Internet users in Uzbekistan have reported being blocked from accessing proxy servers, according to Uznews.
Uztelecom, which holds the monopoly on access to international telecom networks in Uzbekistan, has started blocking proxy servers in an attempt to further restrict Internet access in the country. Proxy servers allow Internet users to circumvent many of the strict filtering mechanisms put in place by authoritarian governments around the world by allowing netizens to ‘hide’ their IP address.
For now, only servers with the word ‘proxy’ in their name are being blocked. Soon others will follow as Uztelecom is drawing up a list of all proxies available to add to the ban list, Uznews reports. Proxy blocking is not a new technique, however and has been used on and off in other countries such as Belarus.
Internet users in Uzbekistan trying to circumvent censorship still have two options. One is to not use a web-based proxy, but modify the browser settings directly. This, however, is already too technically advanced for many users. A second option is to use the anonymizing tool Tor. These techniques are not without problems themselves: sites which post lists of free proxies are also being blocked, as well as the site to download Tor. Only those who have already downloaded the program—or those who can find it on a mirror site—can continue to use it.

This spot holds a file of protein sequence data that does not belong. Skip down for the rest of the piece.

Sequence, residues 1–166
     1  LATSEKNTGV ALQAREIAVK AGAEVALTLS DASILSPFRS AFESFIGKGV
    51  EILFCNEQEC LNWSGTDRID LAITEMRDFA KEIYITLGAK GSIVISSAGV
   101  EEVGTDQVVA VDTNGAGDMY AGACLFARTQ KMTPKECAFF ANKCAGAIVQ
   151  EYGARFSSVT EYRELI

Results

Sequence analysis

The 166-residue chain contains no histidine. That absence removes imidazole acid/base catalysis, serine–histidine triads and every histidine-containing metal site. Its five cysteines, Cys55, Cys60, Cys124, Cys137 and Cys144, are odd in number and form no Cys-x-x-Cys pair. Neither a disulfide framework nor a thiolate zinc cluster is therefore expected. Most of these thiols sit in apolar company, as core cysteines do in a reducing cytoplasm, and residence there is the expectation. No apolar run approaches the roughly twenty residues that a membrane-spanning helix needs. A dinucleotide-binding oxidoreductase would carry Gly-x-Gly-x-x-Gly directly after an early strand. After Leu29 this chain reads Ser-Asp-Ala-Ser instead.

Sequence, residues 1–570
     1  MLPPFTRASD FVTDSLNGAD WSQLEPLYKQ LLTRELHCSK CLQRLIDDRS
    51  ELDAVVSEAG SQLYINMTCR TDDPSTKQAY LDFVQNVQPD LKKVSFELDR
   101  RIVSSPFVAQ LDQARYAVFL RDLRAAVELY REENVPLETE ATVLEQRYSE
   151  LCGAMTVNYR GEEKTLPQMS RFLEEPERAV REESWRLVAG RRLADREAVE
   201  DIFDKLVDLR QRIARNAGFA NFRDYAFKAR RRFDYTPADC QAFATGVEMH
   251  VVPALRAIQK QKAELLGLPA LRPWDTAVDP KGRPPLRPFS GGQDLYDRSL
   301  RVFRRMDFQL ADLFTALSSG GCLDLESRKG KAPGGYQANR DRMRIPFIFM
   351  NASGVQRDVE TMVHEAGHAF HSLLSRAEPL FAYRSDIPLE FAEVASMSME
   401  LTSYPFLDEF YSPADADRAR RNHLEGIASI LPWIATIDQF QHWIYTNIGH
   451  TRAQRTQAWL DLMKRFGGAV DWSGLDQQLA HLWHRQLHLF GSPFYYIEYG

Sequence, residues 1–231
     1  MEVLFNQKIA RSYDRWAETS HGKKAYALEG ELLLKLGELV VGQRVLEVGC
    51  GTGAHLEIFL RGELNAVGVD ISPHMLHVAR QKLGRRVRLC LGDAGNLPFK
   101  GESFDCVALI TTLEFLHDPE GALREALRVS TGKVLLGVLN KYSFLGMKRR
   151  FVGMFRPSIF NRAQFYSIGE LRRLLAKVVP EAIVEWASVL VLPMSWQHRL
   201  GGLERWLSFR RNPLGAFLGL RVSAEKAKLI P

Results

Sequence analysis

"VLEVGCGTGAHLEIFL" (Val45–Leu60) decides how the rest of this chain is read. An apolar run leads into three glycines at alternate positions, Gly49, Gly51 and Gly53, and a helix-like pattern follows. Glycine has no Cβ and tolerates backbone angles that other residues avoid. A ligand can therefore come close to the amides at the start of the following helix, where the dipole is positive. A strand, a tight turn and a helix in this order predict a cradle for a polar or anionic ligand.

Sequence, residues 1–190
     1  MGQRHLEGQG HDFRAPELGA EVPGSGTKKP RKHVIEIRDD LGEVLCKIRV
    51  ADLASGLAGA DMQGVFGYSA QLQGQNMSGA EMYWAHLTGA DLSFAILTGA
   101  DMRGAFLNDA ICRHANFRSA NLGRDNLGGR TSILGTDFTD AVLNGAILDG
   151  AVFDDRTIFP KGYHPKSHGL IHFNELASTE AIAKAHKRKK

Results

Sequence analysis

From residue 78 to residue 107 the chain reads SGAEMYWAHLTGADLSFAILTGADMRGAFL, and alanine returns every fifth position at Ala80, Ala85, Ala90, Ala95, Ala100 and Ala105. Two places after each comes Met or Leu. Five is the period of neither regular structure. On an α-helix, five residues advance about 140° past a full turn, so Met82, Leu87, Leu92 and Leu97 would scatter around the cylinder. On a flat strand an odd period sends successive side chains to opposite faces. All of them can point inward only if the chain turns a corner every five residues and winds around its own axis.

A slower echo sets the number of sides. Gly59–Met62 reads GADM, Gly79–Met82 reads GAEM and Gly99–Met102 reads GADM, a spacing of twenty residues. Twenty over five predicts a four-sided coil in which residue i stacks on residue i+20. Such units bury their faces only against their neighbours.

While it seems the Uzbek cyberpolice are continually refining their strategies with increasing success, some backdoors will remain open. Hacktivist Ronald Deibert of Citizen Lab, creators of anonymizing software Psiphon, tells the story of a local informant who discovered an ISP without restrictions: the ISP was owned by a family friend of the president and served as an open window on the Internet for the country’s elite.
Last month Washington-based media freedom watchdog Freedom House called Uzbekistan “Not Free” and gave it a score of 77 out of 100 of it’s Freedom of the Net report, with a score of 0 being completely free.